Shock as with many of Fox's noirs (even if Shock isn't really a noir), has been released to DVD.
Tuesday, September 21, 2010
Hollywood history is replete with moviemakers fighting against the studio executives in order to maintain their artistic vision. Sometimes, studios have misedited movies, and that, along with an innate distrust of Big Business (which the studios certainly were, at least compared to directors) has led to an unfortunate exaltation of the auteur. Namely, there seems to be a lot of faith that just because a movie was made by an auteur who goes against what studio bosses would want, that automatically makes the movie better. (I think you see some of the same reasoning with foreign films: they're "not Hollywood" and so seen as unconventional and superior, even though foreign films can be just as bad as any B-movie Hollywood ever churned out.) Just because somebody is an auteur doesn't mean that his work is magically imbued with superiority; sometimes if not often, a much better movie could have been made if the director and the suits had worked together. A good example of this is Erich von Stroheim's Greed, which is airing tomorrow morning at 8:30 AM ET on TCM.
Zasu Pitts plays Trina, a woman who marries McTeague (Gibson Gowland). She buys a lottery ticket, which turns out to be a winner, bringing her $5,000 -- quite a substantial sum back in the 1920s. Unfortunately, the money brings them no good. Trina is afraid of losing the money and so refuses to spend any of it; her husband wants the money for himself, as does their mutual friend Marcus (Jean Hersholt). Their mutual greed binds them and eventually leads to their mutual destruction. It's an idea that has great potential.
But director Erich von Stroheim squandered that potential. He based the movie on a ponderous novel which was popular in the day, and decided to make his movie if not as ponderous as the book, then at least as long. When he and the producers sat down to watch the final cut, it ran to something like nine hours. Any reasonable person will tell you that this is much too long, but never let it be said that there's any reason in Hollywood. The suits were horrified, and insisted that the movie be cut down. Von Stroheim responded by cutting out about half of the movie, although by all reports this still left it longer than Gone With the Wind would be 15 years later. So, the producers, fearful they would lose their investment, took control of the movie away from von Stroheim and gave it to an editor who cut it down to about 140 minutes. The problem is that the editor is generally considered to have cut out a good portion of the essence of the movie, excising character and plot development.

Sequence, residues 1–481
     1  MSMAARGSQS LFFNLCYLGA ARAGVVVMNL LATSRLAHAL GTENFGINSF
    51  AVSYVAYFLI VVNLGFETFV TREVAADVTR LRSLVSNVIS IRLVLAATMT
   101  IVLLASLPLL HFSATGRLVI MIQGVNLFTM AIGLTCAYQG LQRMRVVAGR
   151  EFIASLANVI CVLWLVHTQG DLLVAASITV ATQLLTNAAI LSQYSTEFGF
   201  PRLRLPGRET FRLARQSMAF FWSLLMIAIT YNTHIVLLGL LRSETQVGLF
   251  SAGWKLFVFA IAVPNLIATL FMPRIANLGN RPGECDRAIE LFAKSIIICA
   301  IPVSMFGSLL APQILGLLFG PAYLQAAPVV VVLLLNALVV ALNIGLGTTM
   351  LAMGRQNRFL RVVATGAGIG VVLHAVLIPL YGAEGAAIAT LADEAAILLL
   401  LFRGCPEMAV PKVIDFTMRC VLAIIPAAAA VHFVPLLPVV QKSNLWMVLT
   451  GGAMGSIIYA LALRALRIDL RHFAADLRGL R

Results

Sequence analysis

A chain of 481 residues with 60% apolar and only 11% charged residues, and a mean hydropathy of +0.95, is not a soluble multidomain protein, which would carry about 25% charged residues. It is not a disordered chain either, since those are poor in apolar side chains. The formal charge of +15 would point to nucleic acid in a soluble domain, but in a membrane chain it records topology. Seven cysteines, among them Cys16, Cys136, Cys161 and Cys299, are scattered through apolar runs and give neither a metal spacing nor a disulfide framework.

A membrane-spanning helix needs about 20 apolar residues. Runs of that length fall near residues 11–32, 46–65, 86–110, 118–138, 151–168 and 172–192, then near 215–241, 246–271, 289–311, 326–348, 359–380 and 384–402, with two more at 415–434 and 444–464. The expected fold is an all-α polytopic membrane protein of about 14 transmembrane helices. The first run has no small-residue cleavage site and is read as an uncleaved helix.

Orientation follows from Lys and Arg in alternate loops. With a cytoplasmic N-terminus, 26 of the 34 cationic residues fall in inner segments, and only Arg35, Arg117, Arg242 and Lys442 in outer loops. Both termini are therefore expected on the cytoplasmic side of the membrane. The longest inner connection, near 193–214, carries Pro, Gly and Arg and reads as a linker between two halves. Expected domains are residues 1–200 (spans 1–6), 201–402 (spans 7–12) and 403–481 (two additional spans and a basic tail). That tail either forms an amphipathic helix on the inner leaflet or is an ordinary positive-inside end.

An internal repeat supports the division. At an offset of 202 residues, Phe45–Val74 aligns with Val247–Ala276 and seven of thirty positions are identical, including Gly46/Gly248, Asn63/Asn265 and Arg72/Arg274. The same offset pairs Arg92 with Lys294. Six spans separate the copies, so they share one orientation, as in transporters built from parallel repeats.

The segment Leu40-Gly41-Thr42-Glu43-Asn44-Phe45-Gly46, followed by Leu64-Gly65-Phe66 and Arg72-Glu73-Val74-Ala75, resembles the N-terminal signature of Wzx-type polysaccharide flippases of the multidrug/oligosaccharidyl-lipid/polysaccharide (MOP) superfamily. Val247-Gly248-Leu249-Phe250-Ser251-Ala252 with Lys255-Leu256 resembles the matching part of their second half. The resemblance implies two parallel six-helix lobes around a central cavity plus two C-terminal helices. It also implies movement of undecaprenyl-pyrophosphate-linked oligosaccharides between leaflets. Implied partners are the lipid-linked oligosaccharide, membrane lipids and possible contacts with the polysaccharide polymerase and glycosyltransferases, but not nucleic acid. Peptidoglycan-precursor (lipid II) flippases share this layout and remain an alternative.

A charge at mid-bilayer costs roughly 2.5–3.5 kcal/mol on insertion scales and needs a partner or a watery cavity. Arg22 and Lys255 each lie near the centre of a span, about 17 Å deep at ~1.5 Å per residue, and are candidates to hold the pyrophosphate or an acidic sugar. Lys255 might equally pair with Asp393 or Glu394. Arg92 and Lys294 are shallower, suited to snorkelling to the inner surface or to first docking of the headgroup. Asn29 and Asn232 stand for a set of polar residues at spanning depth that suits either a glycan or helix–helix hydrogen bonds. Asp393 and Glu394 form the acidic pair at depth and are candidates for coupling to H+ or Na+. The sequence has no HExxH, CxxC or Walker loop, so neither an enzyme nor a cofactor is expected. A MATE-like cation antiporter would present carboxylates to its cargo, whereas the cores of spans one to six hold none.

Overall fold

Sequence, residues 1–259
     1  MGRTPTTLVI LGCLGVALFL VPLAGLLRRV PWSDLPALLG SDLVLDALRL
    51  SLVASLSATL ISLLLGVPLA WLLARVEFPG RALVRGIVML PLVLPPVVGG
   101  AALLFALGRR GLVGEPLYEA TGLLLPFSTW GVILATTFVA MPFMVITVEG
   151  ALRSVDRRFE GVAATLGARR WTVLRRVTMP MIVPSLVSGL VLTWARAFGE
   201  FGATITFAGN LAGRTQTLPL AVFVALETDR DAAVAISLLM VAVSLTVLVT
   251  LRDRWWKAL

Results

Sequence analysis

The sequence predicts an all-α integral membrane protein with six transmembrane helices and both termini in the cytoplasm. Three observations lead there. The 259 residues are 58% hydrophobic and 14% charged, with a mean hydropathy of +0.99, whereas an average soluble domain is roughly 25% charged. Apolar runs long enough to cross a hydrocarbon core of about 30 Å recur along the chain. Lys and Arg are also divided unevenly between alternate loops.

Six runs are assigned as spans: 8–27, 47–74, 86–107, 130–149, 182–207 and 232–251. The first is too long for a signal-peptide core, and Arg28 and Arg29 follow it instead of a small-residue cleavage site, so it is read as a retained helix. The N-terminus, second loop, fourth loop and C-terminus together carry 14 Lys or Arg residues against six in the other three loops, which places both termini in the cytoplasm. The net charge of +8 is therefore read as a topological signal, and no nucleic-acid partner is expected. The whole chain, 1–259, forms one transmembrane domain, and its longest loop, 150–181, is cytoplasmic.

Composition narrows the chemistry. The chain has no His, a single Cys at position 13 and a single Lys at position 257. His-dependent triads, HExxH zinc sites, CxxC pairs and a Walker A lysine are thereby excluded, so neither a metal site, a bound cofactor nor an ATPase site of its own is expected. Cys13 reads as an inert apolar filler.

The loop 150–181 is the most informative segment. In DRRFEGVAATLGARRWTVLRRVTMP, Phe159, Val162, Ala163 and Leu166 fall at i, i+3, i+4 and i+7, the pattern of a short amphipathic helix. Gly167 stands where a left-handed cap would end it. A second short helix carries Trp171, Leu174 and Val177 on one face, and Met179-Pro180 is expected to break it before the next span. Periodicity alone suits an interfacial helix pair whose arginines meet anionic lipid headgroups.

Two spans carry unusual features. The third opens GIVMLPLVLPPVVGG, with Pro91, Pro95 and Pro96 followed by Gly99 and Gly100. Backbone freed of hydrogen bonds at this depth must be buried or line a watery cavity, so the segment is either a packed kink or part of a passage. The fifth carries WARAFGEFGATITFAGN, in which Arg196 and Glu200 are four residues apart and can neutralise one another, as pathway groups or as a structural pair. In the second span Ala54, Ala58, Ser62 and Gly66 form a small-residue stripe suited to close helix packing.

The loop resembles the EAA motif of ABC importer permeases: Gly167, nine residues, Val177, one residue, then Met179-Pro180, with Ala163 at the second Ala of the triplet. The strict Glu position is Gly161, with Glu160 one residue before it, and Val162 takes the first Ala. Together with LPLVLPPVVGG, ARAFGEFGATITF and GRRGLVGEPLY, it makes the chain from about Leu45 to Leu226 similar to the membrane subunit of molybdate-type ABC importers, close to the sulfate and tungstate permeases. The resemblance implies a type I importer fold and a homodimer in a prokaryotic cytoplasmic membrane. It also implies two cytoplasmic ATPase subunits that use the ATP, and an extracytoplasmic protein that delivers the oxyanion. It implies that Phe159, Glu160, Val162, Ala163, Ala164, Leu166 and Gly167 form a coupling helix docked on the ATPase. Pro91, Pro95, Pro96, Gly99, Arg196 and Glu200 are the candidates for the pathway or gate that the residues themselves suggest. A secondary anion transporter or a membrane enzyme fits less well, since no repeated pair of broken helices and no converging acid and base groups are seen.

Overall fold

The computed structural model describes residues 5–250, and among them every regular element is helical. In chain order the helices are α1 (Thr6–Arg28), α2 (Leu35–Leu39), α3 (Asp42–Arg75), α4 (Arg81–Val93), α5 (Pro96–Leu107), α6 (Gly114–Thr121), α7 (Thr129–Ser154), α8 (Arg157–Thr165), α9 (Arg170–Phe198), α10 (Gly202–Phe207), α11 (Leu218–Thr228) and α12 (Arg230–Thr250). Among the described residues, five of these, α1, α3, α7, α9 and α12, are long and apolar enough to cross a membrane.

In some ways it's a shame, as there's no reason the story couldn't be told in two hours. And to be fair to von Stroheim, he did come up with some striking images. One sequence has Zasu Pitts rolling around on a bed of gold coins, showing just how she loves her money. As for the gold coins, there are a lot of sequences in which they've been tinted gold. Finally, there's the movie's climax, which was set in Death Valley (and filmed there for authenticity). These scenes are excellently made, with Gowland and Hersholt having turned on each other. It's just too bad that we have to wait so long to get to those scenes.
And thanks to restorationists, the wait is even longer than you'd think. After Greed was edited down to the 140-minute theatrical version, the remaining elements were presumably destroyed (although urband legends have them surviving). In the 1990s, production stills were found and, using von Stroheim's director's notes, these stills were inserted back into the movie, turning a story that's too long at 140 minutes into something that runs just about four hours. It shouldn't be necessary, and frankly, I think it makes the movie too tedious. It's just too bad that von Stroheim and the producers couldn't have come to an agreement back in 1924 to come up with a 140-minute version that would preserve most of the director's vision. They were right to cut it down; they just didn't cut it down in the right way.
Greed doesn't seem to be on DVD, which is a shame, since this doesn't give us an opportunity to compare the 140-minute version with the four-hour restoration.